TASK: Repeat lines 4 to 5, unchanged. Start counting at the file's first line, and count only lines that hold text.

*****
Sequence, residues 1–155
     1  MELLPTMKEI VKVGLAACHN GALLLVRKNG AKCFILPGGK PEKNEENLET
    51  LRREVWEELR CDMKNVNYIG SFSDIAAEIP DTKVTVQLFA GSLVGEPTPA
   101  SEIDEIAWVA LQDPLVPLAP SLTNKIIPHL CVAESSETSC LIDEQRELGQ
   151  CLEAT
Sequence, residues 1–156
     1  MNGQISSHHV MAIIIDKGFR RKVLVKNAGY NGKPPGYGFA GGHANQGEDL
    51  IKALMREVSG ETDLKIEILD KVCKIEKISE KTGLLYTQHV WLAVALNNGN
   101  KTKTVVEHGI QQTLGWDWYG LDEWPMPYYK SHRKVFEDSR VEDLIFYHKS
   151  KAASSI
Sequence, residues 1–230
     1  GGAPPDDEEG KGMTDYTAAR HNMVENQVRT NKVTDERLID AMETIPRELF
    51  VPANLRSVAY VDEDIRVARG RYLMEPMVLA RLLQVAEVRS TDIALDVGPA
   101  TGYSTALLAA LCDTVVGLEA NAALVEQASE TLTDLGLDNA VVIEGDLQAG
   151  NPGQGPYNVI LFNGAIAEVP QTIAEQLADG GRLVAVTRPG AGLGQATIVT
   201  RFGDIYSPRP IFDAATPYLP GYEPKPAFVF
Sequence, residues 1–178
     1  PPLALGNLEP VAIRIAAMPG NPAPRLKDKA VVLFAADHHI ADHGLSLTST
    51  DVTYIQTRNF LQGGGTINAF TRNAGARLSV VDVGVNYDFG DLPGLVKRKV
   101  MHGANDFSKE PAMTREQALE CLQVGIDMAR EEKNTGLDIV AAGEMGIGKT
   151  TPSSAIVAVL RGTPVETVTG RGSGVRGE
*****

   101  SEIDEIAWVA LQDPLVPLAP SLTNKIIPHL CVAESSETSC LIDEQRELGQ
   151  CLEAT